Last month, we told you about an app for Android users that enabled instant photo uploads to Facebook, and now we have just learned that Facebook is experimenting with that very feature right now in its own Android app. However, as is often the case with new Facebook features, this is only available to a very select group of users, although Facebook will probably gradually expand availability once it is satisfied with the app’s performance.
According to a Facebook help page, the feature works by automatically uploading all photos you take on your phone to a private album on Facebook. You can decide to sync photos over WiFi only, and from there, you can decide which photos to share with your friends – in other words, it duplicates functionality that’s already present in Google+. However, there are two big differences, and they are fairly important: apparently, Facebook is only giving users 2GB of free private photo storage, although this limit will not apply to pictures you choose to share publicly. Additionally, when syncing over 3G or 4G, photos are shrunk down to about 100K.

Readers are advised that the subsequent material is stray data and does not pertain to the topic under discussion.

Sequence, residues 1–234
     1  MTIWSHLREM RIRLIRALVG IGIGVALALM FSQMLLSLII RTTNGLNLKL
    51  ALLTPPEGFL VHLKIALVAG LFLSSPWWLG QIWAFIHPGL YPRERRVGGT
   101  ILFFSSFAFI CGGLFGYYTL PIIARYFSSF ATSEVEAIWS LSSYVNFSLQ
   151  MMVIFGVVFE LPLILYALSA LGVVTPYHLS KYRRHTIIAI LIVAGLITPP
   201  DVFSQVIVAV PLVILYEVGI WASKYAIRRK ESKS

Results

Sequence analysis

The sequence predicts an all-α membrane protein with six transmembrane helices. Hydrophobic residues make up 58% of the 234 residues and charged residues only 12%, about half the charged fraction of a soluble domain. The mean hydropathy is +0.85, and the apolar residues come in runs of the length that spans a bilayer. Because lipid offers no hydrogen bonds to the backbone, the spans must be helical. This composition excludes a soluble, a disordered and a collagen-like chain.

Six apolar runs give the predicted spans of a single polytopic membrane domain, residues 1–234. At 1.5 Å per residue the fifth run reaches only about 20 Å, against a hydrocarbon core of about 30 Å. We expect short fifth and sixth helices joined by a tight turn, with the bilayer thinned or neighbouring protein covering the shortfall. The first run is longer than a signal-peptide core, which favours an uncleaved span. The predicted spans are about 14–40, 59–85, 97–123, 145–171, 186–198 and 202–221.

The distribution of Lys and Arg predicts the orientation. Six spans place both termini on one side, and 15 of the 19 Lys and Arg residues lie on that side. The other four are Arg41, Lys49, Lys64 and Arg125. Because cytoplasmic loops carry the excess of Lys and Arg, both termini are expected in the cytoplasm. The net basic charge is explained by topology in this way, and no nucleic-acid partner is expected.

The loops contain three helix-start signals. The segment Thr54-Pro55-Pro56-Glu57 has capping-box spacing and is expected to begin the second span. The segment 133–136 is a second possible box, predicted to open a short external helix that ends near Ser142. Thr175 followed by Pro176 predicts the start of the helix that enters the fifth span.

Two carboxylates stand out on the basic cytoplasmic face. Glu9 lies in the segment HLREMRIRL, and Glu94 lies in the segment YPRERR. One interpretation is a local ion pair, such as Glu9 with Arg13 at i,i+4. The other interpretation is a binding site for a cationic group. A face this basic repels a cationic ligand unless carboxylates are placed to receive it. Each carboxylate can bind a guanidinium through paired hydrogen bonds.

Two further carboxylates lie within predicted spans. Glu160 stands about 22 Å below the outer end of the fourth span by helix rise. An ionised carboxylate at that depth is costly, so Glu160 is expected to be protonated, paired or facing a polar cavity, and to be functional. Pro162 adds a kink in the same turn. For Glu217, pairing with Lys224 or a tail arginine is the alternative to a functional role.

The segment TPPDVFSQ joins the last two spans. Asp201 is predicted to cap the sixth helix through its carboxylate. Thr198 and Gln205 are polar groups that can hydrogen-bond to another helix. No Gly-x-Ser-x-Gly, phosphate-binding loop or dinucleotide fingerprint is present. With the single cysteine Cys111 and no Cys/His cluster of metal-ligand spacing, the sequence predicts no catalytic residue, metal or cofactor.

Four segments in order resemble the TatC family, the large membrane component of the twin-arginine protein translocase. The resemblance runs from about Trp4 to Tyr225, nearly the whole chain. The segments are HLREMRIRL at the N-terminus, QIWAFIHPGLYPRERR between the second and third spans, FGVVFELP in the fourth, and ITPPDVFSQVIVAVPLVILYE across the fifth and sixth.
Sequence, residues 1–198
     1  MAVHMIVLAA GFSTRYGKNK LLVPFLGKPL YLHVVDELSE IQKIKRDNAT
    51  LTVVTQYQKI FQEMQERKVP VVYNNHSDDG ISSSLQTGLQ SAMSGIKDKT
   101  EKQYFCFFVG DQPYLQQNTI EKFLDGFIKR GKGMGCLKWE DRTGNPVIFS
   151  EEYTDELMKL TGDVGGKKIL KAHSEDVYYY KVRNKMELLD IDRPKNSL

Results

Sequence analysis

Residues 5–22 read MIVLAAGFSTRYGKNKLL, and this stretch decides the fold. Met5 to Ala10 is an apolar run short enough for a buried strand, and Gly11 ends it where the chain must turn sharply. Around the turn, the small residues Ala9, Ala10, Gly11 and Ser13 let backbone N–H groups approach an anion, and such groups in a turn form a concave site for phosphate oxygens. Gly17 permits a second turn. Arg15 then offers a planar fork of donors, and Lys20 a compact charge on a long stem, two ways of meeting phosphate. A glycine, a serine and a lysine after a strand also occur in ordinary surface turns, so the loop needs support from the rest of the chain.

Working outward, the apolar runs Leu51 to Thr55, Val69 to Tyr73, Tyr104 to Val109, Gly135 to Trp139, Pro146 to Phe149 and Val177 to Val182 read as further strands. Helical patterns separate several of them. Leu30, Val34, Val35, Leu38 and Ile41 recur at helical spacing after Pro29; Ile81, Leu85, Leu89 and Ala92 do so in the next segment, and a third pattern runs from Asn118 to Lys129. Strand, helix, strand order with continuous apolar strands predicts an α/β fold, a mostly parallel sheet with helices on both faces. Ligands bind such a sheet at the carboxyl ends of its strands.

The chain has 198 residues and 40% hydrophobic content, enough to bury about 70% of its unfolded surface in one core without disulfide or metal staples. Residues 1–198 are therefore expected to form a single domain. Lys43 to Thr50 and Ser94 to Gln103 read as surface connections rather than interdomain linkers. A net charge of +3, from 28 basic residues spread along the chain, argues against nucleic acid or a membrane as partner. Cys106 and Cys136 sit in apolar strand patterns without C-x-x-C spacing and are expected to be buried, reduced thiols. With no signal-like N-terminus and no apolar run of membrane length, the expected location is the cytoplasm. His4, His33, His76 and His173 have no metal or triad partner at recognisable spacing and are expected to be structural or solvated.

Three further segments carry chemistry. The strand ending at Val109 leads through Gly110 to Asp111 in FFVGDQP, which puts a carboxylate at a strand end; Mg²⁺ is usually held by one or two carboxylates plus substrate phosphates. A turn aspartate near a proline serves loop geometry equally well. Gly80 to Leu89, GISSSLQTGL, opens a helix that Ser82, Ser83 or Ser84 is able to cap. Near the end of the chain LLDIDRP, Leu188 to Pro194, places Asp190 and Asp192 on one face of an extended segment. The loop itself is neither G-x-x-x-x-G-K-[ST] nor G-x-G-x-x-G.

And that’s why I’m not going to stop using Google+ for my automatic photo storage backup.
Google+ provides users with unlimited photo backup, and you don’t have to share photos in order to get that unlimited storage. And while Google does downsize the photos it uploads, it’s not nearly as bad as 100K.
However, since this new Facebook feature is still in development, it’s possible that Facebook might change these things before it’s released to more people. And I hope it does, because as it stands now, I have a feeling that lots of people are going to avoid this feature due to these serious shortcomings. I know I will.